Nephrocalcinosis Workup

Updated: Aug 09, 2021
  • Author: Tibor Fulop, MD, PhD, FACP, FASN; Chief Editor: Vecihi Batuman, MD, FASN  more...
  • Print

Laboratory Studies

The workup for nephrocalcinosis should include the following studies:

  • Serum calcium
  • Serum phosphate
  • Serum albumin
  • Blood urea nitrogen (BUN) and serum creatinine 
  • Serum potassium
  • Urinalysis and urine culture

Also consider measuring the following:

  • 24-hour urinary excretion of calcium, oxalate, citrate, and uric acid
  • Urinary magnesium
  • Parathyroid hormone
  • Thyroid-stimulating hormone 

Measurement of serum calcium and albumin levels is necessary to establish whether nephrocalcinosis is associated with hypercalcemia. Determining the albumin level is important for interpreting the serum calcium level in the face of hypoalbuminemia: for every 1 g/dL decrease in serum albumin, measured serum calcium decreases by approximately 0.8 mg/dL. The reliability of calcium corrected for albumin has been questioned; ionized calcium should be used to confirm when in doubt.

The serum phosphate level is low in primary hyperparathyroidism with normal kidney function and in hypophosphatemic rickets due to urinary wasting; however, it is typically elevated in nephrocalcinosis associated with kidney insufficiency.

BUN and creatinine levels are elevated when nephrocalcinosis is associated with kidney insufficiency. Many laboratories in the United States now routinely report, along with serum creatinine, an estimated glomerular filtration rate (eGFR), if predicted kidney function falls to less than 60 mL/min/1.73 m2.

The serum potassium concentration may be low when nephrocalcinosis is caused by certain conditions, such as the following:

Urinalysis and urine culture should always be performed to look for evidence of chronic infection. An elevated urinary pH may suggest distal RTA, which may be found when overzealous alkali supplementation for nephrolithiasis prophylaxis has occurred, or may exist in the presence of urea-splitting pathogens in the urine. The type of crystals observed on urine sediment microscopy may provide valuable diagnostic clues about abnormal urine composition.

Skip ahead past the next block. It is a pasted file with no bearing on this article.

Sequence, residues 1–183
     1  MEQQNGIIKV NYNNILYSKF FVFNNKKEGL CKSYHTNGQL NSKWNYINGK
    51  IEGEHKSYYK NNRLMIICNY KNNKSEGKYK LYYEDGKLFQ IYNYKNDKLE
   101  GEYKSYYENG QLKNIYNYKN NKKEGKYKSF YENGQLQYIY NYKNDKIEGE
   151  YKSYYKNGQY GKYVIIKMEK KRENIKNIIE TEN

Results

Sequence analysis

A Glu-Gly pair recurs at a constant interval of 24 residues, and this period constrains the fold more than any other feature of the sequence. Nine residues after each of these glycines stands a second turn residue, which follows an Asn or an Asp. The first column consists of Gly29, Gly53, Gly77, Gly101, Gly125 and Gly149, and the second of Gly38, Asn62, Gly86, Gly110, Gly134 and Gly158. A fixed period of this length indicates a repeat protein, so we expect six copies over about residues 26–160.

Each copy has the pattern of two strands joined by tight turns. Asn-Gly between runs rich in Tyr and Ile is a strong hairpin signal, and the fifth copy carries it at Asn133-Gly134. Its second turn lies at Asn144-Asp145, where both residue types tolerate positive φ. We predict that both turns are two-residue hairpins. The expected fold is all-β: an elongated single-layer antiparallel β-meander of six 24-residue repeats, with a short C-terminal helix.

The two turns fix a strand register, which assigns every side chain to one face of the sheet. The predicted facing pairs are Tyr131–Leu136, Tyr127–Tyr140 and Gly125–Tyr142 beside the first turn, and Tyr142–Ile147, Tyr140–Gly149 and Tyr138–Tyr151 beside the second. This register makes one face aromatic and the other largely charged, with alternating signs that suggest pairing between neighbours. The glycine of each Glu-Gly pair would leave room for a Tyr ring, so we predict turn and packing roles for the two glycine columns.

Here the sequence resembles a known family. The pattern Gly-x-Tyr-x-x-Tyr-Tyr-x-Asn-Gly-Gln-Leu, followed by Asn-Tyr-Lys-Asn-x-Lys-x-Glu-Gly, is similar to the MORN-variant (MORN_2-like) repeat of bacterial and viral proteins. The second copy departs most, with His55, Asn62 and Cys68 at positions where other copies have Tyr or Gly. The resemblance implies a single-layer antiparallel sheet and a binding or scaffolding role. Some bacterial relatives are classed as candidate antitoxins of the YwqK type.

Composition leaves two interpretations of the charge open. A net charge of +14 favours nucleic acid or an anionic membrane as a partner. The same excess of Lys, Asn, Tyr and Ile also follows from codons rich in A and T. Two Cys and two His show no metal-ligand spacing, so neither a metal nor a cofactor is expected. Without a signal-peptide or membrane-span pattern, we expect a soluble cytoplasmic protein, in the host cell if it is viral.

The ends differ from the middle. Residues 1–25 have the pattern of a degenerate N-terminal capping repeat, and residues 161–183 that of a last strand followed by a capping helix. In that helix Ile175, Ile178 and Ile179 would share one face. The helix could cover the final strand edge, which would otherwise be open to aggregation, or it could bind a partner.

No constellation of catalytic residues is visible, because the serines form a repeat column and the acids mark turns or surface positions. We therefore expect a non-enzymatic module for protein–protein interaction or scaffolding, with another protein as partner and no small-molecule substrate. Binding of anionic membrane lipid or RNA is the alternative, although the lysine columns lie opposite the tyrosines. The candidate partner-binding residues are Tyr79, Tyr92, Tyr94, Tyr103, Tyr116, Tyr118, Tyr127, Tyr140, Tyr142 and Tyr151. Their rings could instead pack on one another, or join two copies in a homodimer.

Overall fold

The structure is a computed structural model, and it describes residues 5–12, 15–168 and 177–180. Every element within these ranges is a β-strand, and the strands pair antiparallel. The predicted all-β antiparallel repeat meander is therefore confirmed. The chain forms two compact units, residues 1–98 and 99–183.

Assessment of 24-hour urinary excretion of calcium, oxalate, citrate, and uric acid, with simultaneous determination of BUN, creatinine, and protein excretion, can be very helpful. [56]  BUN and creatinine excretions will help to determine the completeness of timed urine collection and aid in calculating measured kidney function.

Excess urinary calcium excretion may be observed in patients with idiopathic hypercalciuria. [56]  Increased urinary oxalate excretion indicates a primary or secondary cause of hyperoxaluria. Patients with nephrocalcinosis generally have low-grade proteinuria of nonglomerular origin. Nephrotic-range proteinuria is not expected in this context and is an indication for further evaluation of underlying kidney disease.

Assessment of urinary magnesium levels may be useful in detecting magnesium-losing nephropathy.

In the presence of hypercalcemia or kidney failure, parathyroid hormone levels should be obtained to rule out primary or secondary hyperparathyroidism. [56] Both primary and secondary hyperparathyroidism may coexist with chronic kidney disease. Thyroid-stimulating hormone levels should be obtained to rule out a thyroid disorder.